Have you ever awoken in the middle of the night, heart pounding hard from a nightmare? Maybe you tell yourself it's stress, or your comeuppance for snacking too close to bedtime. Or maybe you know better: It's your gut, warning of impending disaster. To watch Nanny is to slip into the spin of that slow-burn terror.
From its first moments, this sensational Sundance standout ushers us not only into the life of Senegalese immigrant Aisha (a mesmerizing Anna Diop) but also into her mind, which is frequently flooded with waking nightmares of rising tides and skittering spiders. In her feature-length directorial debut, writer/director Nikyatu Jusu taps into African folklore, specifically the water spirit Mami Wata and the mischief-making Anansi the Spider, to spin visuals that are both surreal and spooky — yet these mythic figures are not the film's most menacing.
Nanny is about how the American Dream can be a nightmare.
For generations, the United States has been idealized as a land of opportunity, where hard work will result in success — as slippery a concept as "success" may be. For single mom Aisha (Diop), success would mean bringing her young son Lamine (Jahleel Kamara) to come live with her in her new home. Sure, her apartment might be humble and cramped, but her newfound community is welcoming and vibrant, alive with songs, laughter, and clothing in warm hues of reds, purples, and yellows. To achieve this dream of bringing her boy into this Black enclave's fold, she'll endure the onslaughts of a far colder environment.
A subway ride away, Aisha surfaces in a neighborhood of cool colors — whites, beiges, and pale blues — which follow her inside the sprawling apartment of her employers, a wealthy white couple named Amy (Michelle Monaghan) and Adam (Morgan Spector). There, she'll care for their cheerful 5-year-old Rose (Rose Decker), who adores Aisha, speaking French with her and sharing the Senegalese dishes she prepares. But trouble brews as boundaries are crossed in this unhappy home.
With strained smiles and unearned familiarity, this entitled pair press Aisha for more and more. Amy pleads for validation and some clumsy version of friendship, while Adam is eager to make the nanny another wedge between himself and his high-strung wife. Along the way, both will withhold her paychecks, either out of neglect or resentment, either way threatening her goal to reunite with her son.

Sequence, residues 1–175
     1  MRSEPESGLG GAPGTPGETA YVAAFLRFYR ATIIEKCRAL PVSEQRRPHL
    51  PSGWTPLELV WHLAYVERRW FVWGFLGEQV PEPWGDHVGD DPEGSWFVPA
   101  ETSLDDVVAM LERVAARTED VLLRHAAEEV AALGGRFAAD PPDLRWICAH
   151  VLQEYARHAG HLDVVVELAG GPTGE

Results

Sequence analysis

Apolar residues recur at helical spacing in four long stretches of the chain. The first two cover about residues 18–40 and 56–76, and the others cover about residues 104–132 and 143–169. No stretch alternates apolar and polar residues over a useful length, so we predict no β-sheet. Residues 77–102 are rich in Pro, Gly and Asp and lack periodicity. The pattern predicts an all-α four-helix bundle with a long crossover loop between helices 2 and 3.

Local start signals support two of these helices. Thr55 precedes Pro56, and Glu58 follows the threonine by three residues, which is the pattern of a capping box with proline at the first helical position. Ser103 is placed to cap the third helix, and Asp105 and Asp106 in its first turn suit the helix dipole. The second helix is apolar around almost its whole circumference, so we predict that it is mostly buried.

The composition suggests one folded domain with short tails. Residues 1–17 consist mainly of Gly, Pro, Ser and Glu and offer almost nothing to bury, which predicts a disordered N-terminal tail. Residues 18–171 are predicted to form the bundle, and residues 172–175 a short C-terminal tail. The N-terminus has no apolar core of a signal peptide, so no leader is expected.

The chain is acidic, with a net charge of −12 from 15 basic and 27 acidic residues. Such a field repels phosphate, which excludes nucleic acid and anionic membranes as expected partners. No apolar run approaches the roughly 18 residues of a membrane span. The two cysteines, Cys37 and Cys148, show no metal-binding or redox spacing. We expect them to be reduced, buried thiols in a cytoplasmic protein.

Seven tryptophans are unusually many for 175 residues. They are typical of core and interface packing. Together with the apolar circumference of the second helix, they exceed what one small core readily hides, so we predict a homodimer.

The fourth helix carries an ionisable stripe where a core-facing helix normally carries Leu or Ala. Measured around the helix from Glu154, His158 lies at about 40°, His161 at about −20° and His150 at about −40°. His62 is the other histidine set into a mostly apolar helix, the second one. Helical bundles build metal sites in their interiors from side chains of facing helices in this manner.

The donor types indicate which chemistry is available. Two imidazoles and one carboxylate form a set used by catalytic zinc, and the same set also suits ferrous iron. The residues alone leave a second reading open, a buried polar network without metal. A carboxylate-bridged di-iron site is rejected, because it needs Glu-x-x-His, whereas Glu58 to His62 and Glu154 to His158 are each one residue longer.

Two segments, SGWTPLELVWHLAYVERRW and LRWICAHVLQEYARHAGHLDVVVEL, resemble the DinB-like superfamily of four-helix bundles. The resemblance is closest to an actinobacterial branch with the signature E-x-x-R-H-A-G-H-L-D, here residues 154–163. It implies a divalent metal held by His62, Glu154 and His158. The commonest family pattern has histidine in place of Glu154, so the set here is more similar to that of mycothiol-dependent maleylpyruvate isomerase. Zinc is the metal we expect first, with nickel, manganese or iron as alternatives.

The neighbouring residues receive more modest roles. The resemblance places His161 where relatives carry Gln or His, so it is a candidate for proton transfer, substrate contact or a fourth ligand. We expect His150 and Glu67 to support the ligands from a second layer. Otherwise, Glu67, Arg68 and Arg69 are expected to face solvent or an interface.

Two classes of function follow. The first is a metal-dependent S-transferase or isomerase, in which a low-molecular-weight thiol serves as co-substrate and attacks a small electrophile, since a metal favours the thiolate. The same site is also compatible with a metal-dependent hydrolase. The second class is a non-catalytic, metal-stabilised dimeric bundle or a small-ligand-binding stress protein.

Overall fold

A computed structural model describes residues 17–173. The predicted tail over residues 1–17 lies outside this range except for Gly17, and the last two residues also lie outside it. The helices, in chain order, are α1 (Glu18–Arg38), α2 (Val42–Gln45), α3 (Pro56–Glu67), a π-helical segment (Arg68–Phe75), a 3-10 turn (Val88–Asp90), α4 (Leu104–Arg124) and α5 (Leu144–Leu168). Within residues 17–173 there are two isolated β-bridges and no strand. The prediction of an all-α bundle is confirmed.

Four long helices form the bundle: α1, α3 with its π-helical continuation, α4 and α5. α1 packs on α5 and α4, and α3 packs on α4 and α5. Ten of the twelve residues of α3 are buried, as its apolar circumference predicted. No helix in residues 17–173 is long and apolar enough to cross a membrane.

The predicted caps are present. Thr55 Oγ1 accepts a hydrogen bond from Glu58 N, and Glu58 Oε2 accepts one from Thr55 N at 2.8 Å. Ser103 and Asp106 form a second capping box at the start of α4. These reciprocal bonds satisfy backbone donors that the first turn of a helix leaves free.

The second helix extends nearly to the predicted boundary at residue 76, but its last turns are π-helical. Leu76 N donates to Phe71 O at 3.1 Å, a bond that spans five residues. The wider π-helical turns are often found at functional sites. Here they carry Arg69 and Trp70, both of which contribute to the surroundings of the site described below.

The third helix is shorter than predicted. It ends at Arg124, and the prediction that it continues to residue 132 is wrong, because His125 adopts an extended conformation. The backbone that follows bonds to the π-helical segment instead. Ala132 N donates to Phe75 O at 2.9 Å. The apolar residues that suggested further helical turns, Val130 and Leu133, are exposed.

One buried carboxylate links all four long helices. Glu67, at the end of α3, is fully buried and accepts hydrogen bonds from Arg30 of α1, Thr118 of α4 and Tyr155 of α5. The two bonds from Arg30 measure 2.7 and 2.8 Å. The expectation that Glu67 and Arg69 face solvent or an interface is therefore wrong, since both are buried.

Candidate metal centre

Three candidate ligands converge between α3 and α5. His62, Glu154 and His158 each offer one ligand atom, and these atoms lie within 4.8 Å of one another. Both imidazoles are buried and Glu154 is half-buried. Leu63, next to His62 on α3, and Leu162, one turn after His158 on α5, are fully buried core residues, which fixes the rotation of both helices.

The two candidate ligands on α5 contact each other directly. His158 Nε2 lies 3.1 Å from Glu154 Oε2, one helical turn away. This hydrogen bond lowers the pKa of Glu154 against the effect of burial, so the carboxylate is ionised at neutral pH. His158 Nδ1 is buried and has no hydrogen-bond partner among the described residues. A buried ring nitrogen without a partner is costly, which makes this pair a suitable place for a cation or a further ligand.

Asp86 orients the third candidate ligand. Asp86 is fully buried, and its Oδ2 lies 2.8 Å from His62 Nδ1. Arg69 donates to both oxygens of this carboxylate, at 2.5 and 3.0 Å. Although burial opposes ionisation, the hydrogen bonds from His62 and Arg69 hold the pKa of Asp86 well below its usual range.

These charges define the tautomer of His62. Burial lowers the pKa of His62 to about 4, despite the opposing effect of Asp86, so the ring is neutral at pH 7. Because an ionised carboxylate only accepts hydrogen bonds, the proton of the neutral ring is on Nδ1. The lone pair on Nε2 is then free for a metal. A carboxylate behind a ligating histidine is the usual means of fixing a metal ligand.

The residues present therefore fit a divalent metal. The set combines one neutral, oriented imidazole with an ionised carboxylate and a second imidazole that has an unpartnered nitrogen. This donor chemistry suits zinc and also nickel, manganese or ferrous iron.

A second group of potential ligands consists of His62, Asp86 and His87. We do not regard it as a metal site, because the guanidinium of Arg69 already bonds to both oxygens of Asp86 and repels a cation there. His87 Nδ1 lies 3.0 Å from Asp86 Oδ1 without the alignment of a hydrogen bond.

Nanny is a harrowing tale of sacrifice.
Parents sacrifice a lot for their children, more than those children may ever know. Aisha's sacrifices begin with leaving her homeland, far from the son she adores, to take a gamble on a better life for them both. Every day, she swallows her pride and anger to appease her selfish employers, who regard their own child as a burden more than a blessing. Aisha also code switches for them, wearing clothing in the conservatively pale blues and beiges they seem to prefer. But in this sea of bland colors, Jusu weaves warnings with metaphorical red flags, suggesting Aisha may be sacrificing too much.
A borrowed red dress here, the red blink of a nanny cam's light there — the ominous hue chases her around the apartment, haunting her with more and more unnerving visions. It washes over the walls and Adam's professional photography, which frames scenes of revolution — including Black Lives Matter protests — into performative art for liberal white folk. Yet, these photos, tinted by a red light, call out to Aisha as the water and spiders do. Bolstering the unease, the soundscape of Nanny is a chilling echoing of water sounds, the skittering of spider legs, and the wails of human heartache. But it is not all darkness.
A romantic subplot gives Aisha a space to enjoy the splendor of sex, flirtation, and companionship. A love scene between her and her brawny beau (a hunky Sinqua Walls) is radiantly captured, celebrating sensuality and connection. The full-blooded pleasure and easy light-heartedness of these sequences are a joy to behold. And they prove not only a fantastic foil to the horrors of her work but also a delicate grounding for a finale that is dizzying and bold.
Through the film, Jusu showcases a strong visual language that steeps every setting with meaning. Her use of colors speaks volumes, expressing vividly what her heroine must keep in her heart. Her soundscape crashes in symphony with cryptic imagery influenced by African folklore. Her cast (including the legendary Leslie Uggams) brings verve to heroes and villains alike, grounding Aisha's journey in an unnervingly real environment. This makes scenes that slip into visions all the more engaging, sucking us in like a powerful riptide.
All told, Nanny is a sensational directorial debut and one of the best horror films of 2022.
How to watch: Nanny is now on Prime Video. (opens in a new tab)